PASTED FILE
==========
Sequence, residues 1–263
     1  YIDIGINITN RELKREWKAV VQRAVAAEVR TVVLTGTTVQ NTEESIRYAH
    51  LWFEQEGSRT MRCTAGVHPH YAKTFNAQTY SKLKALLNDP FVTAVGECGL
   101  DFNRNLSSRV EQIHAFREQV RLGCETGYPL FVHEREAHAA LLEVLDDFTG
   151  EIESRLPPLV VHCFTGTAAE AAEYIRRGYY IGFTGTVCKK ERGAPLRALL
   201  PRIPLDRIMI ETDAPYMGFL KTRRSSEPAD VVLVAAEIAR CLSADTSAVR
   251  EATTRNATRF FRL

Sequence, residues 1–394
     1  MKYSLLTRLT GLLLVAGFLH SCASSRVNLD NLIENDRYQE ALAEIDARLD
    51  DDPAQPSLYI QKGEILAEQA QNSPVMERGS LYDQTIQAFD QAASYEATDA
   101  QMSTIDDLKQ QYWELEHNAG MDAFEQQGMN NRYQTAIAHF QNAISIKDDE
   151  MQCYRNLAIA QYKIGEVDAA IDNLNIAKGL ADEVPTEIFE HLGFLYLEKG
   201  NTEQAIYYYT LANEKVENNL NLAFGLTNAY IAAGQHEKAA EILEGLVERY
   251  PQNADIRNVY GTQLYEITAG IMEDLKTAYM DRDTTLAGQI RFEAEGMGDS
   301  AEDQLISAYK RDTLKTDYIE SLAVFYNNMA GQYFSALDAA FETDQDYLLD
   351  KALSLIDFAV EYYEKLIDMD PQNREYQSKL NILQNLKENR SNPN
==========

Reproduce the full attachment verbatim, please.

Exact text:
Sequence, residues 1–263
     1  YIDIGINITN RELKREWKAV VQRAVAAEVR TVVLTGTTVQ NTEESIRYAH
    51  LWFEQEGSRT MRCTAGVHPH YAKTFNAQTY SKLKALLNDP FVTAVGECGL
   101  DFNRNLSSRV EQIHAFREQV RLGCETGYPL FVHEREAHAA LLEVLDDFTG
   151  EIESRLPPLV VHCFTGTAAE AAEYIRRGYY IGFTGTVCKK ERGAPLRALL
   201  PRIPLDRIMI ETDAPYMGFL KTRRSSEPAD VVLVAAEIAR CLSADTSAVR
   251  EATTRNATRF FRL

Sequence, residues 1–394
     1  MKYSLLTRLT GLLLVAGFLH SCASSRVNLD NLIENDRYQE ALAEIDARLD
    51  DDPAQPSLYI QKGEILAEQA QNSPVMERGS LYDQTIQAFD QAASYEATDA
   101  QMSTIDDLKQ QYWELEHNAG MDAFEQQGMN NRYQTAIAHF QNAISIKDDE
   151  MQCYRNLAIA QYKIGEVDAA IDNLNIAKGL ADEVPTEIFE HLGFLYLEKG
   201  NTEQAIYYYT LANEKVENNL NLAFGLTNAY IAAGQHEKAA EILEGLVERY
   251  PQNADIRNVY GTQLYEITAG IMEDLKTAYM DRDTTLAGQI RFEAEGMGDS
   301  AEDQLISAYK RDTLKTDYIE SLAVFYNNMA GQYFSALDAA FETDQDYLLD
   351  KALSLIDFAV EYYEKLIDMD PQNREYQSKL NILQNLKENR SNPN